Shot In The Back

38

From demonstrative video made for a murder trial: John Strayer’s gun is at low ready,
Mas is in attack posture with blade …

From the mid-1980s to 2019, as an expert witness I’ve had to explain — in court — how the suspect managed to get shot from behind, yet it was still justifiable homicide by the defendant. It’s an uphill climb. In virtually every culture, the “shot in the back” is seen as an indication of cowardly murder. Blame the silver screen in part. Watch the old noir movies and notice when an actor is “shot,” he usually does a slow swoon to the floor with no blood visible.

Fast forward to the Sam Peckinpah years, and movies like Arthur Penn’s Bonnie and Clyde, where they used so much slow motion critics coined the phrase “slow dance on the killing ground” for such scenes. Those images are burned into the collective American mind.

Now factor in from an involved officer’s first telling of what happened, it takes longer to say it than it took to happen in the first place. Then add the months or even years between the shooting and the trial, and the many days of the trial itself. As little as one critical second in time is exhaustively dissected, and you can understand why a jury is vulnerable to the argument from a prosecutor or plaintiff’s lawyer the shooter had all kinds of time to see the now-deceased suspect was turning away — and should have held fire.

It simply doesn’t work this way. Those who would judge need to know, because it’s “not within the common knowledge” as they say in court. It’s not something the average person could be expected to figure out by themselves.

… John raises gun to shoot, Mas reflexively turns away, and the dot from the LaserGrip
(circled) shows the “shot” hits Mas behind lateral midline — all in an instant.

Intersecting Loops

We’ve all heard of the OODA Loop concept, conceived by the great trainer of fighter pilots Col. John Boyd in the mid-20th Century to explain how we react to things. We Oberve: Our first perception of the thing we have to react to. We Orient: What does this mean? We Decide: This is what I now must do. And finally, We Act: At this point, we begin the physical part of our response.

The generally quoted “quarter second” for average reaction time is about right, though some folks are naturally faster or slower. However, this is reaction to anticipated stimulus. Your hand is hovering over the microphone of the timer, ready to slap it the instant you hear the beep you are listening for. You’ve started already at the ”A” of the OODA Loop. The situation we’re talking about here is reaction to unanticipated stimulus. A huge cognitive element is now added, a full OODA Loop. Remember: If you thought he was going to turn away, you wouldn’t have started pulling the trigger at all!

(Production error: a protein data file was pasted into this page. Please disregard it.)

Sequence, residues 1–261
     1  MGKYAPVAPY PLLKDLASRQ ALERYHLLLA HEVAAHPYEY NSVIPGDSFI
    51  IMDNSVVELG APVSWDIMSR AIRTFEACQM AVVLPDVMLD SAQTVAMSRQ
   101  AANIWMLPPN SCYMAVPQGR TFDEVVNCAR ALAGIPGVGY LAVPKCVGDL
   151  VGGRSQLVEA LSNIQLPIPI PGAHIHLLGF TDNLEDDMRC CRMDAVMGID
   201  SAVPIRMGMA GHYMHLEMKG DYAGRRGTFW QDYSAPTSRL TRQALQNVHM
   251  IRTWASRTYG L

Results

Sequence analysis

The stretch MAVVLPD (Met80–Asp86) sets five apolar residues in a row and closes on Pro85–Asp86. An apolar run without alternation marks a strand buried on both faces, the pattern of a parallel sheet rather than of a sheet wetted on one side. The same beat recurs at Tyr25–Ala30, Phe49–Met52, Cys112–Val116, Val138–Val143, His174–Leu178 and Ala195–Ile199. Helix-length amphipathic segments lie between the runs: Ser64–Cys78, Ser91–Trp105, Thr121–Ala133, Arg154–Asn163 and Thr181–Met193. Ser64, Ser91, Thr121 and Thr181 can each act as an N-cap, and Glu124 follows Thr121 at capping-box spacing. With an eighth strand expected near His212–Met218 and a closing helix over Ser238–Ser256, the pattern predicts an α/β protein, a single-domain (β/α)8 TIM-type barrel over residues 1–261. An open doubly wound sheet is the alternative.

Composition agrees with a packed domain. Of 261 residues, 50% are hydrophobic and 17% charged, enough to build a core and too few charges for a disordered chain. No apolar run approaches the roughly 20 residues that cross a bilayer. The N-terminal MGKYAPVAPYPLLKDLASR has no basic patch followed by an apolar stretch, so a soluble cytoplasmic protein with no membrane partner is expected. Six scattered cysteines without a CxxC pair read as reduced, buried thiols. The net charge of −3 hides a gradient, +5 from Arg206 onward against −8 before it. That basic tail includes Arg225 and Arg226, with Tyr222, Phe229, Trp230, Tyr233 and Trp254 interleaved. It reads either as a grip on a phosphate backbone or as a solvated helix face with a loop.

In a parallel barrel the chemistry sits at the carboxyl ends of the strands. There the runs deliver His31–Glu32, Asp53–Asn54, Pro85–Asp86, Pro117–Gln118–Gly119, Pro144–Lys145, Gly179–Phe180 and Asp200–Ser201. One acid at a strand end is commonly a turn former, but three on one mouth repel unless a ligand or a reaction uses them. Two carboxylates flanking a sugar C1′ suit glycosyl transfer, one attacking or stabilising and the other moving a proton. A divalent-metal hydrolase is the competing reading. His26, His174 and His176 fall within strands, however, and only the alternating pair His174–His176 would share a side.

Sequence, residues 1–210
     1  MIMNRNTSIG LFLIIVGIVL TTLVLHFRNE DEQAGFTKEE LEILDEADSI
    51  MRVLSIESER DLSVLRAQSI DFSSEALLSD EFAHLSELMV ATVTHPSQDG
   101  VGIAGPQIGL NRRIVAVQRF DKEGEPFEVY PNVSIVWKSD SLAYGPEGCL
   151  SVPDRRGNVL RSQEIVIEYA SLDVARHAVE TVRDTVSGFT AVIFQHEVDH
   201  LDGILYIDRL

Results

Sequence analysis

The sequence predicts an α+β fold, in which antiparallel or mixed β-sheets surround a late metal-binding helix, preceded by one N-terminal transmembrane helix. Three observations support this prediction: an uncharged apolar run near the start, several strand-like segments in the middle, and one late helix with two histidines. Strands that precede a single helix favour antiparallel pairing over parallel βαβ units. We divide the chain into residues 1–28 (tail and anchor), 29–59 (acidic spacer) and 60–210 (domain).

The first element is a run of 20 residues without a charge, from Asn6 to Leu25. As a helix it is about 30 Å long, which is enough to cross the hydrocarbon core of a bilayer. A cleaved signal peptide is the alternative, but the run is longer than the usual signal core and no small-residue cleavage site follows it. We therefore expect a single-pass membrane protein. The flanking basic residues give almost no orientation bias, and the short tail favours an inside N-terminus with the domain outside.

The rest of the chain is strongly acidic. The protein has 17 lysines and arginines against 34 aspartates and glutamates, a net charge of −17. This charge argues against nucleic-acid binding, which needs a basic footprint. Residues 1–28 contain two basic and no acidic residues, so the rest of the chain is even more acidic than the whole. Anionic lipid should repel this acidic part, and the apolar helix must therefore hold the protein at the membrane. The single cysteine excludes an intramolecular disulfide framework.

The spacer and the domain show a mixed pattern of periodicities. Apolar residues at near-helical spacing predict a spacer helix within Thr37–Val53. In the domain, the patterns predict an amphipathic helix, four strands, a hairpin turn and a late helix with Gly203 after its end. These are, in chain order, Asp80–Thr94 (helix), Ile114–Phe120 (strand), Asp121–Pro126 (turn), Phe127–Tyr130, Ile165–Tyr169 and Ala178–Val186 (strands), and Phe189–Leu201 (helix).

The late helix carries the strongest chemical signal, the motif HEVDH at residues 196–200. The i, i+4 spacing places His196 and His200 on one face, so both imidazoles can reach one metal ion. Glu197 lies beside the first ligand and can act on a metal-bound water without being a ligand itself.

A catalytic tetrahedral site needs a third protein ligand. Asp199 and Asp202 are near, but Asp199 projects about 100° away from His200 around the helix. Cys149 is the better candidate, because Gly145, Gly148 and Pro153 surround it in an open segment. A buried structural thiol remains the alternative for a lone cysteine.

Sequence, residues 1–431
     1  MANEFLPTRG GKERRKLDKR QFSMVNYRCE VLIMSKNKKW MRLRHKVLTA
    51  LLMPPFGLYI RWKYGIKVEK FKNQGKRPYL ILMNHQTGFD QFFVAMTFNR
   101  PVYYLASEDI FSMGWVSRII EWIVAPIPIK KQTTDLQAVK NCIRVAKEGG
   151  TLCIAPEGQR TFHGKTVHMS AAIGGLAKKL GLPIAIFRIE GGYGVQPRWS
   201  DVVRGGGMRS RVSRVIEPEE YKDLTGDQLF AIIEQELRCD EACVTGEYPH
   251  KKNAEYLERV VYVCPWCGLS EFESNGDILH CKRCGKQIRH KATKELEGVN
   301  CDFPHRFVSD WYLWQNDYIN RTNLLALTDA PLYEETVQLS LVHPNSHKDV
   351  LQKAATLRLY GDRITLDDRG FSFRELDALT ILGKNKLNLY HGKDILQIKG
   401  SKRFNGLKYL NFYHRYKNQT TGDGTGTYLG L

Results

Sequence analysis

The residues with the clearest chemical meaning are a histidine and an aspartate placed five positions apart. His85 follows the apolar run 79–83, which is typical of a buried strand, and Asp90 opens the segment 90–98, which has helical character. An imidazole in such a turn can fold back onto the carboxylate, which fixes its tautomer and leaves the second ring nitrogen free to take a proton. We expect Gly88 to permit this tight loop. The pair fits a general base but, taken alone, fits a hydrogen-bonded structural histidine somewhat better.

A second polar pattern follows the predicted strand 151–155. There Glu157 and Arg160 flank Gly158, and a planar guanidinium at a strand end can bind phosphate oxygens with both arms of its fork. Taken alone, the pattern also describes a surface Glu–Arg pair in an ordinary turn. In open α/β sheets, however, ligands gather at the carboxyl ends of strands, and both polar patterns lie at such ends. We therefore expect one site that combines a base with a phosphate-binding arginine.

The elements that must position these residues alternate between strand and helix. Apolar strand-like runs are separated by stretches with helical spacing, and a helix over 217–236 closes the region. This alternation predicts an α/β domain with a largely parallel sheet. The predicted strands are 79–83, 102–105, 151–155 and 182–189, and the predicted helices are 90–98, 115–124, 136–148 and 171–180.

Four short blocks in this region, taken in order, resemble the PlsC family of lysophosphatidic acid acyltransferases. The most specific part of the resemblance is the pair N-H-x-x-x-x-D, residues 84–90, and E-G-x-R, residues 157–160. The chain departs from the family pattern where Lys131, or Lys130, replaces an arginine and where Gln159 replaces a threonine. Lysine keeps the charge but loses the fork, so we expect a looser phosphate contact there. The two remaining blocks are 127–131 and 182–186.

The most thorough studies of reaction to unanticipated stimulus seem to come from traffic safety research. Because of the full OODA required, figure three times as long as anticipated stimulus response, or 0.75 of a single second. In one study in Australia, response to unanticipated stimulus ranged from a low of 0.70 to 1.1 seconds, and some studies have found higher.

The next element is how quickly the opponent can turn away from the pain of your first shots or just the fear of your gun rising up toward him. If he’s quartered to you in a typical fighting posture, his head and upper torso can turn enough in about a quarter second for your bullet to strike behind “lateral midline,” the demarcation line between front and back of head and body used by MDs and attorneys alike. If he’s squarely facing you chest to chest, figure roughly half a second for the movement to take place.

Fast Shooting

The third element is speed of fire. A single shot can be fired in an instant if already on-target and anticipating a need to shoot. Say, 0.25 seconds starting with finger on trigger, and another 0.10 added if the trigger finger starts on the frame. John Farnam’s early police training research in the 1970s, long since proven repeatedly, shows the average person can fire four shots in one second, timing from the first, with a DAO handgun. They can shoot five in one second with the shorter pull and reset of most semi-autos.

Put it all together, you see why it’s literally not humanly possible to stop shooting when you’re firing as fast as you can at a rate of 0.25 to 0.20 between shots. Your assailant’s lateral midline crosses your line of fire in as little as 0.25 to 0.5 seconds, and takes you at least 0.7 seconds to stop shooting. That’s why the cop-killer took the hero cop’s fifth and last bullet square in the back in this month’s Ayoob Files shooting. And it’s why it’s imperative to know how to explain this to the triers of the facts.

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